The review of learning literature re-enforces that people factors influence the success of the lessons learned process and that a learning organisation culture is critical to successful dissemination of lessons learned (Fernie et al. 2003; Sense 2007). The shift from the individual to the organisation is not straightforward. The work of Senge (1990) motivated companies to become learning organisations. The other particularly influential author was Nonaka (1991, 2007) and Nonaka and Takeuchi (1995). Nonaka (1991) described how Japanese companies working in innovation created knowledge-creating companies. Simon (1991, p. 125) states that: ‘All learning takes places inside individual human heads; an organization learns in only two ways: (a) by the learning of its members, or (b) by ingesting new members who have knowledge the organization didn’t previously have. …What an individual learns in an organization is very much dependent on what is already known to (or believed by) other members of the organization and what kinds of information are present in the organizational environment. …Individual learning in organizations is very much a social, not a solitary, phenomenon.’ Simon further reports that cognitive psychology concepts used for human learning can and should be applied to organisational learning research.

Strang (2003) discusses the difficulties and provides a valuable insight into organisational learning theory. Strang recommends further research around organisational psychology factors that may explain why organisational learning methods are not applied even though the belief is that these practices would improve organisational project performance but rarely applied in practice.

Garvin (1993) discusses five main activities to becoming a learning organisation: 1) Systematic problem solving (based on quality plan, do, check, act cycle.); 2) Experimentation (use of demonstration projects.); 3) Learning from what went before (companies need to review both failures and success and document the lessons learned, unfortunately most fail to learn and allow knowledge to leave. Garvin sights the Boeing example of learning from the difficulties of different production lines.); 4) Learning from others (benchmarking and applying best practice), 5) Transferring knowledge (knowledge needs to spread rapidly and efficiently).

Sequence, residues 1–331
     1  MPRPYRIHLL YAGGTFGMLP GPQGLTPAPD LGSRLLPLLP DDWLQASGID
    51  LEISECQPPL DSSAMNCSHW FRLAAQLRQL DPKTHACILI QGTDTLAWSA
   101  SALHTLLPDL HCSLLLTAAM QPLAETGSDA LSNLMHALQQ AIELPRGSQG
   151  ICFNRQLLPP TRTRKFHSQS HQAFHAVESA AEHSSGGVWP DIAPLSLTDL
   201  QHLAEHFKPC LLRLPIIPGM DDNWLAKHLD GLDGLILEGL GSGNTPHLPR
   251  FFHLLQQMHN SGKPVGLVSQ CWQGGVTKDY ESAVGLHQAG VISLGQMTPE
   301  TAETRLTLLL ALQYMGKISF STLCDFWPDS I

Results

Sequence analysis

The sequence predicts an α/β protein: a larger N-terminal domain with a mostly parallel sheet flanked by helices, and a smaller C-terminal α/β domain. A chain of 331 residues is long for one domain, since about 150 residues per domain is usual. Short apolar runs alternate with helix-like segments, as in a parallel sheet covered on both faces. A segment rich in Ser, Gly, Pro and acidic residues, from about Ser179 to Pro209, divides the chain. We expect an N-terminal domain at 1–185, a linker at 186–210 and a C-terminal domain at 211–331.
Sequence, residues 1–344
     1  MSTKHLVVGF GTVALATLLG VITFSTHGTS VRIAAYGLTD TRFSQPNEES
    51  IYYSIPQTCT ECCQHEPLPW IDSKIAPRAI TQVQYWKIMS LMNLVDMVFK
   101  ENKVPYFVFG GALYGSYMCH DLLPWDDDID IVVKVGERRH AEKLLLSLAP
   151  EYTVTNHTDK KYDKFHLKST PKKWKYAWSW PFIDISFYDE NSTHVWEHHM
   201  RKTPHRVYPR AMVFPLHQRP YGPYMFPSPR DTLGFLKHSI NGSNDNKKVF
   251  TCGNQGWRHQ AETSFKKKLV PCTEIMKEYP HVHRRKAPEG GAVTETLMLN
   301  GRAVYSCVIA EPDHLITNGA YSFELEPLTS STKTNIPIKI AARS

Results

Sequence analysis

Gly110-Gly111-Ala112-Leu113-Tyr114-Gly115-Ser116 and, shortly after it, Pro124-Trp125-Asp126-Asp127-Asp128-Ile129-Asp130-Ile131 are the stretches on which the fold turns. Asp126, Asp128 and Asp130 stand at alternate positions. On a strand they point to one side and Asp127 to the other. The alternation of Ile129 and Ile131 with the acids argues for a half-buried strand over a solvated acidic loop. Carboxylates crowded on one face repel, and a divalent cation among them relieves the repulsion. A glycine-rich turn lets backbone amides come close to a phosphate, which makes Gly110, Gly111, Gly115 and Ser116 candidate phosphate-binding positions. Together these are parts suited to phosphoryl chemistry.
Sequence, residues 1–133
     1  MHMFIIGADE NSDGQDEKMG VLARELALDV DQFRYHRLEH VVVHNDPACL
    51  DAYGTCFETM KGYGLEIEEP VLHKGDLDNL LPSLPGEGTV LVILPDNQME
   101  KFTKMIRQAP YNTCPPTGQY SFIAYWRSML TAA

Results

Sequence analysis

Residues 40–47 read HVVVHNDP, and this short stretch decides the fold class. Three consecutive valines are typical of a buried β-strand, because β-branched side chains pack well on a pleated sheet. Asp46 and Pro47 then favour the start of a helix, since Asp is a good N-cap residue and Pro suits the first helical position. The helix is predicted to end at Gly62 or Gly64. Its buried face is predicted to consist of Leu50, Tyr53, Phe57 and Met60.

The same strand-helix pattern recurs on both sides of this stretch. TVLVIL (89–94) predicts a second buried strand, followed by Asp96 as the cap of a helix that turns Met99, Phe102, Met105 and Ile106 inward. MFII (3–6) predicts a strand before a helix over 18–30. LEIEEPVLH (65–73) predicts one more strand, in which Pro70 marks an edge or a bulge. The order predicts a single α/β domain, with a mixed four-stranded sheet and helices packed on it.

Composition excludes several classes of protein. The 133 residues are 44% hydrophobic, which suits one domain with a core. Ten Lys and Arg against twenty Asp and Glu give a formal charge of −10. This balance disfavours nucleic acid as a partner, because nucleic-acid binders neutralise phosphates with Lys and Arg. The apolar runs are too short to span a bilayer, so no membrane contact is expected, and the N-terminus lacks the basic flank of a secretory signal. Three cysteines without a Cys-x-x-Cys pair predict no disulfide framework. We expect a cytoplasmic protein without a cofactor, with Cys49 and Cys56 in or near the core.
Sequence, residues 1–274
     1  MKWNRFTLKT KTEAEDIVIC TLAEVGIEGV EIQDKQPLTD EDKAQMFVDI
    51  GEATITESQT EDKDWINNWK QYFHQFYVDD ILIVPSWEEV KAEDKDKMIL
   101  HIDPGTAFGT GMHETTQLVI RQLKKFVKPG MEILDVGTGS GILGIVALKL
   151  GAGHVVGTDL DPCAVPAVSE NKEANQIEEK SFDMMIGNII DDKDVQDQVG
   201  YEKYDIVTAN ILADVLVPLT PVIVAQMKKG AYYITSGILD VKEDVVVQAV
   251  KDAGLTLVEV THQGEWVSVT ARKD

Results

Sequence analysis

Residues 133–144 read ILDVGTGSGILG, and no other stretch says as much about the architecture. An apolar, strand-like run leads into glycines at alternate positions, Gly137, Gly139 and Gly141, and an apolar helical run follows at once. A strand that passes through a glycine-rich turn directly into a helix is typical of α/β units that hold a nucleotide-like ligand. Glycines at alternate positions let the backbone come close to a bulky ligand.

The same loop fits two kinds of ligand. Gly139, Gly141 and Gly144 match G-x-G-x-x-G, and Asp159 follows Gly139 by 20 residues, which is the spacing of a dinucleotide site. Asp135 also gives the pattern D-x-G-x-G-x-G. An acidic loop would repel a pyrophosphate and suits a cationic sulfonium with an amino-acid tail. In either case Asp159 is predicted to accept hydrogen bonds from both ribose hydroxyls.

There are two themes that constantly surface from the literature as important; people culture and organisational structure. Duhon and Elias (2008) argue that an organisation knows something if just one person knows it and that the organisation culture and structure enables that knowledge event to be used effectively on an organisational issue. Duhon and Elias (2008, p. 5) define organisational learning ‘…as an increase in the knowledge or skills of individual members of the organization or a change in the structure, processes, or culture of the organization that enables the organization to be more effective at planning and implementing actions that achieve the organization’s objectives.’ They reference actions such as; individual learning; storage of knowledge that makes it available to others – checklists and work processes; organisational changes that re-focuses knowledge; culture changes to open and act on problems; and relationship building that enables skills and knowledge to deal with organisational problems.

Duhon and Elias (2008) state that people learn by processing information using the human central nervous system. An organisation does not have a central nervous system, so they need to create a structure to enable their personnel to learn (collect and analyse, transfer/disseminate and apply) as a group. Duhon and Elias find that individual learning is a cognitive (psychological) process and for an organisation the learning process is social. Duhon and Elias suggest that organisations collect and disseminate knowledge using organisational learning mechanisms (OLM)s (Lipshitz, Popper & Friedman 2007). Examples of OLMs are: lessons learned studies; after action reviews, communities of practice; work processes; procedures; standards; mentoring; team-building exercises; classroom training.

Individual learning is held back by many people factors and these same factors can affect organisational learning and in some cases there are significant increase effects. Culture continues to have a significant impact in organisational learning and usefulness of learning mechanisms (Duhon & Elias 2008).

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The next post will focus on Lessons Learned Practices.